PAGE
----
How Consuming Alcohol Can Affect Male And Female Fertility

Shopping Bag

0 item(s) in cart/ total: CA$0    view cart

Alcohol Consumption And Its Relation To Male And Female Fertility

Posted by The MAB Team on 10/16/2012 to Fertility

Many studies and extensive research suggest that drinking alcohol while trying to conceive can affect both male and female fertility and make it even more difficult to get pregnant. While it is fairly unlikely that drinking the errant beer or glass of shiraz will significantly reduce fertility amongst men and women, like all things, moderation is key.

We have blogged about the serious risks involved with drinking while pregnant, and it is somewhat of a no-brainer that excessive alcohol consumption can wreak havoc on our reproductive systems. That being said, new studies have concluded that even moderate alcohol intake while trying to conceive can disrupt normal hormonal function and contribute significantly to fertility issues for both men and women.

Female infertility, as a result of alcohol consumption, is strongly linked to altered estrogen levels which can often lead to complicating egg implantation. There is also a strong correlation that exists between alcohol abuse and amenorrhea (when menstrual cycles cease to exist), hyperprolactinemia (when levels of prolactin in blood are abnormally high, often leading to abnormal milk production, menstrual cycle disruptions and erectile dysfunction in men), anovulation (when ovulation no longer occurs) and luteal phase defect (when the endometrial lining develops abnormally).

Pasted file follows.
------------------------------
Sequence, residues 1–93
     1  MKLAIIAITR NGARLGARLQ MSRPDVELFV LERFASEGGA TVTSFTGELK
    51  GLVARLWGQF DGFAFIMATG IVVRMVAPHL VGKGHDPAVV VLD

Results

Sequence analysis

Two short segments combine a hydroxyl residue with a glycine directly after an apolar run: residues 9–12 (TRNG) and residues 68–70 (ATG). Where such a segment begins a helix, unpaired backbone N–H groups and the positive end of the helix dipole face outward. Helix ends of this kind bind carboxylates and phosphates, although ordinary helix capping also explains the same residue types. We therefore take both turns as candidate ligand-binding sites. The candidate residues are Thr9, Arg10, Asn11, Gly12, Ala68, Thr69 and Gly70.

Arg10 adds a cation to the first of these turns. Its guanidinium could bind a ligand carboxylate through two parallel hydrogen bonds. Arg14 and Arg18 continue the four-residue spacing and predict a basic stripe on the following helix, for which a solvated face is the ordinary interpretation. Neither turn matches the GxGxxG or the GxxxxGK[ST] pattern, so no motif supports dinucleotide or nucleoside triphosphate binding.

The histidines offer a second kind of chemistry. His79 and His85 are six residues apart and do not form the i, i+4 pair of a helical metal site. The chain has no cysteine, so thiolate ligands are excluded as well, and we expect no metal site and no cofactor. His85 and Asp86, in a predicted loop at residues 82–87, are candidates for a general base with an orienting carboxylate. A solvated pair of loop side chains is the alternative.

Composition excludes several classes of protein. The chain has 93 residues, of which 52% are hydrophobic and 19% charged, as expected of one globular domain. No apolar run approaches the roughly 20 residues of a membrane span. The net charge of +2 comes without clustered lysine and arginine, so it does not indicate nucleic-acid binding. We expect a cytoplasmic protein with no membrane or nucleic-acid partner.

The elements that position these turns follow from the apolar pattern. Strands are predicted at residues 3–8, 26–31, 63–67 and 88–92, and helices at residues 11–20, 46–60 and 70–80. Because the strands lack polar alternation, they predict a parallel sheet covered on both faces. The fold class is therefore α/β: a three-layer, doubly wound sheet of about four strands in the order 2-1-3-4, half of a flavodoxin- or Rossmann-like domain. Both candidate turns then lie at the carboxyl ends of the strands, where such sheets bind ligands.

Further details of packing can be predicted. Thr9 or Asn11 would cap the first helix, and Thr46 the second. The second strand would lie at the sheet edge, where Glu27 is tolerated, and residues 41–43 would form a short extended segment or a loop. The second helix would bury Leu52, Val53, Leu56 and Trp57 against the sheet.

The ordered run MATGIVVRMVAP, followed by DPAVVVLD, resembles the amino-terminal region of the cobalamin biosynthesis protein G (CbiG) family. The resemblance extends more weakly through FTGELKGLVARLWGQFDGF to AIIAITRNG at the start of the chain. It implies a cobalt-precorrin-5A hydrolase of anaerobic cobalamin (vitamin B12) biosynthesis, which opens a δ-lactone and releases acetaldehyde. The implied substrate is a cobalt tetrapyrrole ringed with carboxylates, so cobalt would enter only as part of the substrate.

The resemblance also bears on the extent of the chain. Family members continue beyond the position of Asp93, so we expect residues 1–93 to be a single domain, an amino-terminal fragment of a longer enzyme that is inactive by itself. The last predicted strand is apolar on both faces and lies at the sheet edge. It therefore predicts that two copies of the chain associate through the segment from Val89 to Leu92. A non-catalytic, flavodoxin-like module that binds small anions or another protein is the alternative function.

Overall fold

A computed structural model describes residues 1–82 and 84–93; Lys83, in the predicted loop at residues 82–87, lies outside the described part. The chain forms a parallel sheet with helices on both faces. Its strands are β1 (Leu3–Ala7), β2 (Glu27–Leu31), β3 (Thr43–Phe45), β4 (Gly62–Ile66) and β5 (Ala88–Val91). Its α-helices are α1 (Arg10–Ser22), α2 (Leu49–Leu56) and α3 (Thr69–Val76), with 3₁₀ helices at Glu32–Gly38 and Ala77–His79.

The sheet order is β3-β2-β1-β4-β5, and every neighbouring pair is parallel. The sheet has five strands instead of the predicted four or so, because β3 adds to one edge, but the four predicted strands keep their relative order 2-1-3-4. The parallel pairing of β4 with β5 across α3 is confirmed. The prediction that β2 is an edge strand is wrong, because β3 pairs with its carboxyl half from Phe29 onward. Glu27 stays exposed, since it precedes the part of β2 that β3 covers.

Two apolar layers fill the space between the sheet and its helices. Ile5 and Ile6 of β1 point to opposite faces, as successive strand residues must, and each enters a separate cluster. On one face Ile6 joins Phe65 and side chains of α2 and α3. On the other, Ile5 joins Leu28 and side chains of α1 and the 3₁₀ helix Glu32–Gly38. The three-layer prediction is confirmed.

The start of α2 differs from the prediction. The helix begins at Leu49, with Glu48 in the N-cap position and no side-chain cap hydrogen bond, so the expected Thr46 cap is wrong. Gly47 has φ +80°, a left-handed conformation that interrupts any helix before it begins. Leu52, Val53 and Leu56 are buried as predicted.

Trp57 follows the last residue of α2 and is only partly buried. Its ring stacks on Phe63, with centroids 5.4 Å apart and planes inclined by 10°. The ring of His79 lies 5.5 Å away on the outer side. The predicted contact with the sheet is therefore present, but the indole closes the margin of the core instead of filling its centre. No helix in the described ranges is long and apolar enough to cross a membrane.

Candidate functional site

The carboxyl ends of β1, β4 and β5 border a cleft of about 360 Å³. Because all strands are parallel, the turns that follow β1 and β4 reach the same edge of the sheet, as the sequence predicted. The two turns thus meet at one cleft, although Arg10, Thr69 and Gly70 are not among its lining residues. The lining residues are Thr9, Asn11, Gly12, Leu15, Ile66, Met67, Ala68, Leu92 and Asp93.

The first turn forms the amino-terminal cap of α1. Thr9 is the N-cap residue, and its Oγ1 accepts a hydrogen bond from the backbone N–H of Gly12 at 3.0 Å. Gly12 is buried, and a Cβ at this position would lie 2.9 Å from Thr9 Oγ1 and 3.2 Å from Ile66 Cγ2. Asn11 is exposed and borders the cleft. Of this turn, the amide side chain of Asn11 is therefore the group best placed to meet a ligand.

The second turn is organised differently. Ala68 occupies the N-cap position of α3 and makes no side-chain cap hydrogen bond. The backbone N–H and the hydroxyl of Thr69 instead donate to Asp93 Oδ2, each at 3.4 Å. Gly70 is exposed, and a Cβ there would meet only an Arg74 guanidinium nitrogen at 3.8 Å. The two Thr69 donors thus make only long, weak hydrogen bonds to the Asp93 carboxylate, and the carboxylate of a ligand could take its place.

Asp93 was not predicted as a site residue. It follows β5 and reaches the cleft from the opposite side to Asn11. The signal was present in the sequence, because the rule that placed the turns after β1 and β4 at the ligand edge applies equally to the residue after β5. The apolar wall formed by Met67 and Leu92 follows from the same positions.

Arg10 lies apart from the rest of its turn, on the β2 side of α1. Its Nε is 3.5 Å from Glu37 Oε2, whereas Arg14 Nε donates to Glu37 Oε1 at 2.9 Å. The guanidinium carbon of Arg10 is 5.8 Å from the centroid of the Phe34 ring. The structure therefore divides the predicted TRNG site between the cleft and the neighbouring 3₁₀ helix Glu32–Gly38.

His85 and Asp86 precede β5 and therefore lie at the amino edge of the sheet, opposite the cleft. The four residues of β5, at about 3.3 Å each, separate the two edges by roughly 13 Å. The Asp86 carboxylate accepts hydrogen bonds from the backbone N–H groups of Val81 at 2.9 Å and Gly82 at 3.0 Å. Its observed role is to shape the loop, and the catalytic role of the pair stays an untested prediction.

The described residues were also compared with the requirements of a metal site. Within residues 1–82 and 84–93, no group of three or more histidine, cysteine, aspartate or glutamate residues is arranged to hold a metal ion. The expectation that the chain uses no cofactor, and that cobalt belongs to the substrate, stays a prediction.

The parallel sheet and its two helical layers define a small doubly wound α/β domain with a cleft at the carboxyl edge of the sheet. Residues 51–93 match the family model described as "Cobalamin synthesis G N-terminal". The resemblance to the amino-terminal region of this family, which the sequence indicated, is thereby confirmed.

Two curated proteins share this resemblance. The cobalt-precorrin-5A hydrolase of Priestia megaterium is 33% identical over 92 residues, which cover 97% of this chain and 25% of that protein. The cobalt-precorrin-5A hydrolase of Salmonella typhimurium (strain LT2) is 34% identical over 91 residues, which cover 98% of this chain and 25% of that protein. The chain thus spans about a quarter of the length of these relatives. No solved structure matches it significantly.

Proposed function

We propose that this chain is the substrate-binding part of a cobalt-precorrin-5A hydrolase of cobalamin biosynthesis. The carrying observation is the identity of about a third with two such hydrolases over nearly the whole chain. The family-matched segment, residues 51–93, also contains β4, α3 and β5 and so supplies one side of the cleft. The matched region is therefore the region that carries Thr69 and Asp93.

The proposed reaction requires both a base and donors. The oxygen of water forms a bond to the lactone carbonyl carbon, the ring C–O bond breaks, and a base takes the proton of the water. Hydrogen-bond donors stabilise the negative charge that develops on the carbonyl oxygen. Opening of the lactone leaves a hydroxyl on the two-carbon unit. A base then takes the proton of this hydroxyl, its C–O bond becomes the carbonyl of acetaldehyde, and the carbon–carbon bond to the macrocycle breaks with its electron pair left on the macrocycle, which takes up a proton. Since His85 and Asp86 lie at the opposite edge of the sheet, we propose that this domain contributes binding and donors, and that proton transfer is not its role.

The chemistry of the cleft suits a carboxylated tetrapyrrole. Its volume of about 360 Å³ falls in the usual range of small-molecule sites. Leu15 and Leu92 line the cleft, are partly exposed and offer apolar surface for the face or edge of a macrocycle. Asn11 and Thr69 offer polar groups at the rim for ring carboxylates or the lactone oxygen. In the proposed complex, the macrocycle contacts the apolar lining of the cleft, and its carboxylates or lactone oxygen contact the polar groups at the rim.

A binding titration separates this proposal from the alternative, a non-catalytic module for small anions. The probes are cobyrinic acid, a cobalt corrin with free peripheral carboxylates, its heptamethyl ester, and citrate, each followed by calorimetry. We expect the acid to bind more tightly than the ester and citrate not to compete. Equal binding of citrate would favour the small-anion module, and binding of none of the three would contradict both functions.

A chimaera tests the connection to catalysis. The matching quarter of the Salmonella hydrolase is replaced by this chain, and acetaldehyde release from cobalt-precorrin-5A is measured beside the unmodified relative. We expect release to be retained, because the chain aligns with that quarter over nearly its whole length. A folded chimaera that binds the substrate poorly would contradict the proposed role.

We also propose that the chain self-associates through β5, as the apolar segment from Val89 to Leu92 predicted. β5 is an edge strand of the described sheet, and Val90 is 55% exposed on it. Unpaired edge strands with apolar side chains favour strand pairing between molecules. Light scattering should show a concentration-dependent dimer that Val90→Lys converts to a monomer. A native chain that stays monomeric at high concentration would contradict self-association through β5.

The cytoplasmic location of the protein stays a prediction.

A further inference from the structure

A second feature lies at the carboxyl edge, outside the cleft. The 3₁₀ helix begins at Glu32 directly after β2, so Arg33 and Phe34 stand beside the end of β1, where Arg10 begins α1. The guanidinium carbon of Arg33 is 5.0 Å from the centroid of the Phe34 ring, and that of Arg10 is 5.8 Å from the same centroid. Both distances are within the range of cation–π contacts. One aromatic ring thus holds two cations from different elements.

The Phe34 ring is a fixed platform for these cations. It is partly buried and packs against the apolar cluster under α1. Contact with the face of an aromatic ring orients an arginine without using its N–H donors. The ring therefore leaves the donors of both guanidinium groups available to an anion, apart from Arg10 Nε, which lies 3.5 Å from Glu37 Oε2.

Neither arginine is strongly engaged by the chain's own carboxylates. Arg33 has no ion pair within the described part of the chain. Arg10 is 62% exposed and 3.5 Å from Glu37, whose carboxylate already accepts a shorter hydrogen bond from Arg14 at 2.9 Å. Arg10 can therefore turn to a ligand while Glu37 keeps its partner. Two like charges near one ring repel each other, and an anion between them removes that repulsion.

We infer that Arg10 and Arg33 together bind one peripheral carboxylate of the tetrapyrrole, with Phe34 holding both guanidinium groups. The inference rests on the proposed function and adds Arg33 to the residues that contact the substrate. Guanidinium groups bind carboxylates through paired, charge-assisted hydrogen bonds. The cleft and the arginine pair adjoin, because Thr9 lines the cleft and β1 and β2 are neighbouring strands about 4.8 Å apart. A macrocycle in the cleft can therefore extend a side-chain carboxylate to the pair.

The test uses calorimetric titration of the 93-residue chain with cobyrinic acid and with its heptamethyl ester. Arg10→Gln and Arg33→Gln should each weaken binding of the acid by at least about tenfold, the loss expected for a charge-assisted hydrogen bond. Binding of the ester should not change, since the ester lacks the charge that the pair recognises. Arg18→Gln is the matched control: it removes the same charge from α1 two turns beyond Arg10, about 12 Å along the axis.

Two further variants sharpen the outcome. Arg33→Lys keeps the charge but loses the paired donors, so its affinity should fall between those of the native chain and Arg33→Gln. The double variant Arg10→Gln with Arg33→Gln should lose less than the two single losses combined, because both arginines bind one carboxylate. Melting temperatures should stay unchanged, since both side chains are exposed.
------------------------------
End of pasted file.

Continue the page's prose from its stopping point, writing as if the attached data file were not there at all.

If you are a female trying to conceive and already suffer from anovulation, alcohol consumption should be completely avoided. And just to review, consuming alcohol while trying to conceive can also cause serious harm to the fetus once conception occurs. As mentioned in a previous blog post, alcohol consumption while pregnant increases the risk of spontaneous abortion, mental retardation amongst exposed babies, impaired fetal growth and development and an increased risk of fetal alcohol syndrome.

Drinking alcohol results in abnormal liver function and increased estrogen levels in both men and women. For men, this can result in problems with sperm development and disrupted hormone levels. Furthermore, the toxic properties of alcohol work to destroy sperm-generating cells in the testes. Since it takes one batch of sperm approximately three months to develop, men should try to minimalize if not completely abstain from alcohol consumption for as long as 3-4 months prior to trying to conceive.

Add Comment